Liberated from Belligerent Occupation: Our Trip to Regions of Kyiv
We received an urgent request from the Armed Forces of Ukraine to deliver food to villages no longer occupied by Russian forces in regions of Kyiv. In order to complete this task within 24-hours, we collected several tons of food and supplies from our warehouses and citizens willing to donate and volunteer. We loaded everything we could into our transport vehicle, including potatoes, cereal, canned goods, bread and hygiene products, and departed as soon as we could.
As we drove north, we saw images of ruin that will stay with us forever. Burned cars. Demolished homes. Decimated infrastructure. Butchered landscape.
Places where people once waited for spring were replaced with terrible scenes: Bridges that once sheltered surviving Ukranians now reduced to rubble; a garage filled with memories and possessions left behind; demolished homes with a surviving facade preserving the symbol of life that it once sheltered; cars with families and children who did not make it out in time. Even signs of Ukraine’s resilience, flowers growing under the rubble of someone’s home, casted a hollowed hush.
These experiences were more than echoes of silence; the vibrations of murder and destruction persisted. Our people, land, and homes were littered with the lasting impact of evil. The sound of our losses rang clear along with the undertones of our personal and collective mortality. You’ve seen pictures but the ownership and first-hand experience lies outside of words.
Our first stop was the village of Moshchun.
The population has now reached about 50 people. We left food and basic needs in the destroyed center of the village, which was once a place filled with children’s music where they used to host concerts. I was still able to access the second floor where I found a hive of bees between the walls and ceiling, diligently caring for themselves and producing honey.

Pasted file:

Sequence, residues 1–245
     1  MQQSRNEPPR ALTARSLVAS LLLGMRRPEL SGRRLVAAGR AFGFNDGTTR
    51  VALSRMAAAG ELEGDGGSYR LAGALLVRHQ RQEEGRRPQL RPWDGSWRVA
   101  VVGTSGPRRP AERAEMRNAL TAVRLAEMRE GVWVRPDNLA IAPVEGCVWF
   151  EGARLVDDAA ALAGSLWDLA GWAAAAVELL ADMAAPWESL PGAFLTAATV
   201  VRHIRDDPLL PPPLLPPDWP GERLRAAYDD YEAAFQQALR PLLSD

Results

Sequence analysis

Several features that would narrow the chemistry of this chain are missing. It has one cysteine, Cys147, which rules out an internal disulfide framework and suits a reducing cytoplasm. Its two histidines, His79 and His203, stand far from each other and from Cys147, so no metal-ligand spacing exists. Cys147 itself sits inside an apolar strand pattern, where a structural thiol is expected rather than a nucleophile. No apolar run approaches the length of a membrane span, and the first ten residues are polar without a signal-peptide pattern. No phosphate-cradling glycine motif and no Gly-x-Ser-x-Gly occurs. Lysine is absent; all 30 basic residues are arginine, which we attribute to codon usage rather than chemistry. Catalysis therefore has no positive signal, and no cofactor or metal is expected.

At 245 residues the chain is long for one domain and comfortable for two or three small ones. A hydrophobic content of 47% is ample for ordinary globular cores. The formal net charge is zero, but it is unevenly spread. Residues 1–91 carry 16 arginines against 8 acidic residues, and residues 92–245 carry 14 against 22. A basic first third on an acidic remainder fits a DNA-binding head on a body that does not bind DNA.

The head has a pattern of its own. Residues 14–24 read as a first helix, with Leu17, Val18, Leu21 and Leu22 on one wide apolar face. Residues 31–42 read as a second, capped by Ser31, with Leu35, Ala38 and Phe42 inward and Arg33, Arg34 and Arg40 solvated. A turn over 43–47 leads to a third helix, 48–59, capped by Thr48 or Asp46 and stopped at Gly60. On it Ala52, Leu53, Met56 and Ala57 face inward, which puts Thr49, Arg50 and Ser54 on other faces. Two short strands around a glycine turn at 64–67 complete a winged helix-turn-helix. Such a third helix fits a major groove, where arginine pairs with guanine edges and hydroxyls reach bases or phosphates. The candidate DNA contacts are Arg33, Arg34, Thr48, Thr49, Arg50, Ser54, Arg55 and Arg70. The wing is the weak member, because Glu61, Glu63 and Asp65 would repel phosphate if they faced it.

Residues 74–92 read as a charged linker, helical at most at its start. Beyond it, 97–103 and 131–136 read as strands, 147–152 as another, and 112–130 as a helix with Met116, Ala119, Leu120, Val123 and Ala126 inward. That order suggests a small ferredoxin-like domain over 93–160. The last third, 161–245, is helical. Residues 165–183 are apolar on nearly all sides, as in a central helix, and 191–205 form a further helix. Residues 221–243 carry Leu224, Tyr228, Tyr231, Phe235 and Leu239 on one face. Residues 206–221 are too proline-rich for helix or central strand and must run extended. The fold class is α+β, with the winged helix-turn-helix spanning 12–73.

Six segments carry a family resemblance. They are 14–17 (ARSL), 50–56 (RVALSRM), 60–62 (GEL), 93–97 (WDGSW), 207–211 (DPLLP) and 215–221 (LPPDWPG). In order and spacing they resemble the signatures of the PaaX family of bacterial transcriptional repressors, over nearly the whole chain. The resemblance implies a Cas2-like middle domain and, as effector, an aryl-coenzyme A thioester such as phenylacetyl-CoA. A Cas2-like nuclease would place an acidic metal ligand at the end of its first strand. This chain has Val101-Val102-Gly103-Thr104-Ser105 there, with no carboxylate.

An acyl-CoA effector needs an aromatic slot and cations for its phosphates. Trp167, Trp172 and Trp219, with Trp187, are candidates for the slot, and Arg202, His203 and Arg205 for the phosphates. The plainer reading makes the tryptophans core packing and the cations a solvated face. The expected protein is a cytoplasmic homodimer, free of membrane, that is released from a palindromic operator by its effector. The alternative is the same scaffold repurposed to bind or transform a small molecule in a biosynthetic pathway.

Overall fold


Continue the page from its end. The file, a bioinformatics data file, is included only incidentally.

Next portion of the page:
This all reminded me of my trip to Chernobyl, where, after 36 years, nature has overtaken the destroyed and abandoned homes. But this is different. Two months ago there was life in Moshchun. It now lies completely destroyed with no regard for mercy toward civilians, and more terrifyingly, children. Why? Just because they wanted to.
Out of the abandoned animals, we only saw a cat who eventually came to us. He was very afraid but we managed to feed him.
After that we drove on, stopping at military locations leaving food where a lot of abandoned pets found shelter with our men, as well. Altruistic Ukrainian military care for them and share their food.
Our last drop-off was located at a church in Borodyanka. Next to it was a building that was blown-in-half by rockets and destroyed homes where windows are now black holes. There were many people who came to us for clothes and food. I saw too many children who have grown up before their time, becoming adults too quickly because there was no other option. Their childhood was stolen from them on the 24th of February and they will be our nation’s future.